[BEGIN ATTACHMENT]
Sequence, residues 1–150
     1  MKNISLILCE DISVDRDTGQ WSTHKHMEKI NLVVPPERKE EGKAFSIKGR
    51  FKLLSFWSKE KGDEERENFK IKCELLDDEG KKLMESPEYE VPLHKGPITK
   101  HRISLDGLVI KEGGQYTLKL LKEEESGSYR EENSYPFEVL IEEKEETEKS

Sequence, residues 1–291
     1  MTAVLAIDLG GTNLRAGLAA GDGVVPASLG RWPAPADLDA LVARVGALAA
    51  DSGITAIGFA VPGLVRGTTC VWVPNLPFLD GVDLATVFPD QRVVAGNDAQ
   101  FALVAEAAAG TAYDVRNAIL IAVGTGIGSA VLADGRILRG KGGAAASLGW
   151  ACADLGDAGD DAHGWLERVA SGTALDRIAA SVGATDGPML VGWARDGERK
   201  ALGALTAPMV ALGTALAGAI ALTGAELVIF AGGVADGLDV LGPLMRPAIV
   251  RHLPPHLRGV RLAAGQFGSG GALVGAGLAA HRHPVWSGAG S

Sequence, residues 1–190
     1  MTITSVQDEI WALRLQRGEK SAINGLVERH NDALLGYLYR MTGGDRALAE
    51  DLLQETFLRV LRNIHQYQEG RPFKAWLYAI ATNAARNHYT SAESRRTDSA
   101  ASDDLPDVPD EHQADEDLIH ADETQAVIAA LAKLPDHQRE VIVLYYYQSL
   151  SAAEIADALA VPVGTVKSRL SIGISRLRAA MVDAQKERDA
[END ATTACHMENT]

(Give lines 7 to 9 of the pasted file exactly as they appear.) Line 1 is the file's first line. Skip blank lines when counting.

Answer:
    51  DSGITAIGFA VPGLVRGTTC VWVPNLPFLD GVDLATVFPD QRVVAGNDAQ
   101  FALVAEAAAG TAYDVRNAIL IAVGTGIGSA VLADGRILRG KGGAAASLGW
   151  ACADLGDAGD DAHGWLERVA SGTALDRIAA SVGATDGPML VGWARDGERK